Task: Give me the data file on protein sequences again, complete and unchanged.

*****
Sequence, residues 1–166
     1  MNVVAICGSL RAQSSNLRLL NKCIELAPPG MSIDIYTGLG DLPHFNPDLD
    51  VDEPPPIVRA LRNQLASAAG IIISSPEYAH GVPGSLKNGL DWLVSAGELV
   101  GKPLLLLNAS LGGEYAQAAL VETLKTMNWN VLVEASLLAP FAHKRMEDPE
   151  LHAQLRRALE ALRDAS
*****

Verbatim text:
Sequence, residues 1–166
     1  MNVVAICGSL RAQSSNLRLL NKCIELAPPG MSIDIYTGLG DLPHFNPDLD
    51  VDEPPPIVRA LRNQLASAAG IIISSPEYAH GVPGSLKNGL DWLVSAGELV
   101  GKPLLLLNAS LGGEYAQAAL VETLKTMNWN VLVEASLLAP FAHKRMEDPE
   151  LHAQLRRALE ALRDAS